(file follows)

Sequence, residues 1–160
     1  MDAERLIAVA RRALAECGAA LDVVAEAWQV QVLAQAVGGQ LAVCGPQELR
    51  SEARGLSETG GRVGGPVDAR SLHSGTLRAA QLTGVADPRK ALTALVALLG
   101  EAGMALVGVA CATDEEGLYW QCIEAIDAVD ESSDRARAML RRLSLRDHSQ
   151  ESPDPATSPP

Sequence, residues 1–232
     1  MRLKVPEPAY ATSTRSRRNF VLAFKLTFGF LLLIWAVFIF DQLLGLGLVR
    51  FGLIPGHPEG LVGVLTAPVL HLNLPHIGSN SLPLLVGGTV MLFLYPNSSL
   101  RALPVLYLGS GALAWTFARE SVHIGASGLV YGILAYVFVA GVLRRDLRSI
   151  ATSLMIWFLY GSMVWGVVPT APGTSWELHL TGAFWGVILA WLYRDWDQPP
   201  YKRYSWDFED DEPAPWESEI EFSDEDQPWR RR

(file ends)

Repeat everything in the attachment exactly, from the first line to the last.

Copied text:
Sequence, residues 1–160
     1  MDAERLIAVA RRALAECGAA LDVVAEAWQV QVLAQAVGGQ LAVCGPQELR
    51  SEARGLSETG GRVGGPVDAR SLHSGTLRAA QLTGVADPRK ALTALVALLG
   101  EAGMALVGVA CATDEEGLYW QCIEAIDAVD ESSDRARAML RRLSLRDHSQ
   151  ESPDPATSPP

Sequence, residues 1–232
     1  MRLKVPEPAY ATSTRSRRNF VLAFKLTFGF LLLIWAVFIF DQLLGLGLVR
    51  FGLIPGHPEG LVGVLTAPVL HLNLPHIGSN SLPLLVGGTV MLFLYPNSSL
   101  RALPVLYLGS GALAWTFARE SVHIGASGLV YGILAYVFVA GVLRRDLRSI
   151  ATSLMIWFLY GSMVWGVVPT APGTSWELHL TGAFWGVILA WLYRDWDQPP
   201  YKRYSWDFED DEPAPWESEI EFSDEDQPWR RR